Queen says Grimms’ Fairy Tales gave her bad dreams as she marks World Book Day

Get real time updates directly on you device, subscribe now.

The Queen Consort has revealed that Grimms’ Fairy Tales left her frightened and gave her “bad dreams” as a child.

As she marked World Book Day, Camilla said that reading at an early age helped children understand “different places, different cultures, different ways of life”.

She also described how reading to her grandchildren had been a “wonderful” bonding experience, which has helped them to become “bookworms”.

The Queen Consort sat down with Children’s Laureate Joseph Coelho to discuss their shared love of books and recall their favourite childhood tales.

A video of the conversation, which was recorded last month in the Clarence House Library, was released by BookTrust to mark the annual book day which encourages children to read for pleasure.

Camilla recalled the emotional impact that some books had on her as a young girl, including Black Beauty by Anna Sewell and Grimms’ Fairy Tales.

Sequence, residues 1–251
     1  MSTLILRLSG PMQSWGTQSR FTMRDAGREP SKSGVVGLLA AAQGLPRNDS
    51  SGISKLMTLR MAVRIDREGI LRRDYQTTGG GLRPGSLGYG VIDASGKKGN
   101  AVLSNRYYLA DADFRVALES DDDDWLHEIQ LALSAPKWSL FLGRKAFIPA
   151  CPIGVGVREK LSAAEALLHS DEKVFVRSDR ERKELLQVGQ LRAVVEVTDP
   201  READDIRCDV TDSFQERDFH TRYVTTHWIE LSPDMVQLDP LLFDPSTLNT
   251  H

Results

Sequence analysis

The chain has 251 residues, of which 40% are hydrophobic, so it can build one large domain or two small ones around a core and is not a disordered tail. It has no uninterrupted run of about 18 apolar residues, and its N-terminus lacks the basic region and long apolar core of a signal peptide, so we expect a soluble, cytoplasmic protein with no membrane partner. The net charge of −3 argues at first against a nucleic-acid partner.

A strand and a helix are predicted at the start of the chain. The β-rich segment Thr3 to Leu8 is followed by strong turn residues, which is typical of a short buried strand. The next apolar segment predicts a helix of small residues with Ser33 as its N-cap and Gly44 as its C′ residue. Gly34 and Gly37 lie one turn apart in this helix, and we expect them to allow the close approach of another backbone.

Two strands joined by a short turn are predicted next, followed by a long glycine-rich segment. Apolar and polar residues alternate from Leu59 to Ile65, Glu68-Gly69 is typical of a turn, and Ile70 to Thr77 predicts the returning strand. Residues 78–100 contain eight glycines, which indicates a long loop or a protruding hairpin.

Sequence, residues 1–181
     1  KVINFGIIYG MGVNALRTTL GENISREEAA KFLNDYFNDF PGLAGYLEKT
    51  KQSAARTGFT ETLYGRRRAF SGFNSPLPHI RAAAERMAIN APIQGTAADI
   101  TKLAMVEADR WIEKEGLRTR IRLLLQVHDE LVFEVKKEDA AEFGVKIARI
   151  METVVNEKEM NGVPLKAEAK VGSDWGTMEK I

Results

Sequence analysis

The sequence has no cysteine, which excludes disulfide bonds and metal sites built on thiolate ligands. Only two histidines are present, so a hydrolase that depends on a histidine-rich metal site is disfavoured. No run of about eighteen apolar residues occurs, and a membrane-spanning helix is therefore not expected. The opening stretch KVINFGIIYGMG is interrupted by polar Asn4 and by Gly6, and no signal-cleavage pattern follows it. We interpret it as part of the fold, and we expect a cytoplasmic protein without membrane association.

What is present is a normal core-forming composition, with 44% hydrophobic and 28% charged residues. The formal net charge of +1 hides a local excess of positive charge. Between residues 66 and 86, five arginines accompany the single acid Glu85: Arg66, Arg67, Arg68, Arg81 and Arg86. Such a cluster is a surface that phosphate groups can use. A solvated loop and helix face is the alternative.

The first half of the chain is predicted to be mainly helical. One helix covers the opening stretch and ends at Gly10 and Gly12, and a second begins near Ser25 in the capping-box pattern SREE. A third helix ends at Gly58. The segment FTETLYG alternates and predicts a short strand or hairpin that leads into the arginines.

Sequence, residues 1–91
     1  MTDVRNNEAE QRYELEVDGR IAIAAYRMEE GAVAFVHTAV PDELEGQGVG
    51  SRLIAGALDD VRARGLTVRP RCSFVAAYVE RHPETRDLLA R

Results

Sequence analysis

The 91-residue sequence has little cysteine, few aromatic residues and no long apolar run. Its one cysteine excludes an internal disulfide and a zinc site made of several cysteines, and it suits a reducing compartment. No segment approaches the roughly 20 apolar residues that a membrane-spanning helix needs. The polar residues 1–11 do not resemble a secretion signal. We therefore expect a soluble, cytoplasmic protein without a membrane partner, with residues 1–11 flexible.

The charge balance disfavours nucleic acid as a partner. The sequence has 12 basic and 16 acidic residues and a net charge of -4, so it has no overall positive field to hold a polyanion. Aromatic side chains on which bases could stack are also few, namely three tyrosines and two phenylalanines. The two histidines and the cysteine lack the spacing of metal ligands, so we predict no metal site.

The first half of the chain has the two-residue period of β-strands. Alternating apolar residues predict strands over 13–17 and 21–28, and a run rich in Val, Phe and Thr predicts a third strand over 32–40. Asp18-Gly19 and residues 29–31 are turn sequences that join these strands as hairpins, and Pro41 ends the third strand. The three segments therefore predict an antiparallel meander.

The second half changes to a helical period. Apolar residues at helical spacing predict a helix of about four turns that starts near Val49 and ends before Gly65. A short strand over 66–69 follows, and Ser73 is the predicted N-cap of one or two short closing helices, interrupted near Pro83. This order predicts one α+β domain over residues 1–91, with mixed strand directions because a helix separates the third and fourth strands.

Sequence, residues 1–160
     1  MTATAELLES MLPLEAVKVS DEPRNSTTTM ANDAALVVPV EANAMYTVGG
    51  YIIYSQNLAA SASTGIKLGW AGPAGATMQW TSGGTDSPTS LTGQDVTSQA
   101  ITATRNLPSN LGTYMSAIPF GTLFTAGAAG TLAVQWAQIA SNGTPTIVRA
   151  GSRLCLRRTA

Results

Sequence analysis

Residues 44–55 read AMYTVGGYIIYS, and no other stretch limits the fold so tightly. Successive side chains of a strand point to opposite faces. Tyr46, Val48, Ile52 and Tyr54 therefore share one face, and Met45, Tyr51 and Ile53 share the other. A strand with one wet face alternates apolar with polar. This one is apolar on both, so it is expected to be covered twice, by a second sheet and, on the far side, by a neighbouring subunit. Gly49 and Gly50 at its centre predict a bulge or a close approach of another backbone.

She said: “I think I have to admit, in the end, I ended up probably being a sort of pony-mad child with Black Beauty, which I howled over, night after night after night.”

Camilla says reading with her grandchildren is ‘a wonderful way of getting to know them’ Credit: PA

On Grimms’ Fairy Tales, she added: “I remember going to bed at night and having quite bad dreams about them.

“I think as children half of you wants to be scared – you don’t want to be scared too much, but it’s that sort of frisson of just being a little bit frightened.”

Discussing reading with her grandchildren, Camilla said: “It was just a wonderful way of getting to know them, as you say, bonding. Sitting on the end of their bed and just reading.

“We took it in turn to find our favourite stories and what’s lovely is it’s really got them reading. They are bookworms now.

“It’s so lovely if I go and see them, I find them tucked up in bed with a book saying ‘Please don’t turn off the light, I’ve got to finish this chapter’.”

She added: “It is really nice when you see the pure enjoyment that children are getting out of reading and if you get that at a very early age, it’s going to help you so much in future life.

“Because the earlier you read, the more you are going to understand, the more books you read, the more you’re going to understand about different places, different cultures, different ways of life.” 

Source: telegraph.co.uk